the id is: 5513
My arm on his, my face against his stubble. His pillows are like velvet. I get used to calling his place my place, his yard my yard, his bed my bed, his vehicle mine. It's a sports utility of some kind, one that could pull a boat, when he had a boat, his boat now on a jetty, the boat he's trying to sell since his ex-wife divorced him, since he came back to me again, after all these twenty years later.
I look at his pictures on the wall, him on a bull, the animal kicking. There's a reason he's a champion. When I ask about those days, how he was off the radar, he says if I really knew, I probably wouldn't like him. There's a reason I married someone else. There's a reason I'm divorced now.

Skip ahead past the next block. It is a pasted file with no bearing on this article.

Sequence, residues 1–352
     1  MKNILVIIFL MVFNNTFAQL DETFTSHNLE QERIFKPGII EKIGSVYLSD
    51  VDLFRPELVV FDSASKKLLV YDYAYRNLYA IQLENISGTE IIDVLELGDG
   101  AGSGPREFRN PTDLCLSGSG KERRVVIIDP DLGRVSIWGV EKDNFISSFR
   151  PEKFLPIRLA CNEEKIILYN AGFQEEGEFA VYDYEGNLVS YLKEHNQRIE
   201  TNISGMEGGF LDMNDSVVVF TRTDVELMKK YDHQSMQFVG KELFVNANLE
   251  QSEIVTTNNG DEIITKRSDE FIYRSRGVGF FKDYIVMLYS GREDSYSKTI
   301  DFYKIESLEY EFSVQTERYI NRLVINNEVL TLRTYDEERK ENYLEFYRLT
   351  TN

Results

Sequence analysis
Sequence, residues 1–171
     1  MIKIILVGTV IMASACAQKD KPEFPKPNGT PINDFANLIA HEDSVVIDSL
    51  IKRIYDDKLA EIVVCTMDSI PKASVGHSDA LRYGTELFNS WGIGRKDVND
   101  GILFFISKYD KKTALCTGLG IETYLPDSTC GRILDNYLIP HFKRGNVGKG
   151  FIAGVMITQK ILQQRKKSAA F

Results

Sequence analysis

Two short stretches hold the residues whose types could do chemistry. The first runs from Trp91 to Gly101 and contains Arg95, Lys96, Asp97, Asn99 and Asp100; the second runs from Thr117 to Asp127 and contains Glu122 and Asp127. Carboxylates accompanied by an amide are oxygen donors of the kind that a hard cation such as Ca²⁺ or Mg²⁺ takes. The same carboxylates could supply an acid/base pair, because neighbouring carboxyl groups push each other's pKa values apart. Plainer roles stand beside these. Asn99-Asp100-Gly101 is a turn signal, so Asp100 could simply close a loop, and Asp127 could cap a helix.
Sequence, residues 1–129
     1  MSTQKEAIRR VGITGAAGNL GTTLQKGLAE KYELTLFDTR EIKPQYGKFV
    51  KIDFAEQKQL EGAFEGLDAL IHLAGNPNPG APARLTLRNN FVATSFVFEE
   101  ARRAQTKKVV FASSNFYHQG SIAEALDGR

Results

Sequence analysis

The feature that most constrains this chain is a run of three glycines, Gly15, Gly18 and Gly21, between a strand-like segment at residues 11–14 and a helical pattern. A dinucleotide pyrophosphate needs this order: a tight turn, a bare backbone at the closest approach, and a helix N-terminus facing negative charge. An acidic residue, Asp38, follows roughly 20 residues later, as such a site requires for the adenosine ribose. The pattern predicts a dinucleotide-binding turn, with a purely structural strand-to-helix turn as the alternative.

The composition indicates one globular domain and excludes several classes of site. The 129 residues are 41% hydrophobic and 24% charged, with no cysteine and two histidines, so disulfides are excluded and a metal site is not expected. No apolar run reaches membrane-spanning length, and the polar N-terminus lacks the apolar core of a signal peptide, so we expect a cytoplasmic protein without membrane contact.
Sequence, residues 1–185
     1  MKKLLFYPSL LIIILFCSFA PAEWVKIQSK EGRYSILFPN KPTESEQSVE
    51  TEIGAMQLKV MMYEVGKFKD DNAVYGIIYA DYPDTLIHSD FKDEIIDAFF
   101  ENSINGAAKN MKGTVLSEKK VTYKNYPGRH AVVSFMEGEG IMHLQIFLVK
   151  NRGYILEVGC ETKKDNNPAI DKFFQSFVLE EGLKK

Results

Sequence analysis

These days he complains about his body. I tell him it is solid.
He says my body's small. He asks if he can help me.
I take a shower with his tangerine soap. I use his rubber gloves to clean the toilet. I sit on his sofa, turn on his stereo, sweep his floor. I go into his closet, wearing his shirts: one over the other over the other. I lift each shirt. The smell of his detergent. His. So heavy, warm--just piling it on.
Kim Chinquee is the author of the collections Oh Baby and Pretty. She lives in Buffalo, New York.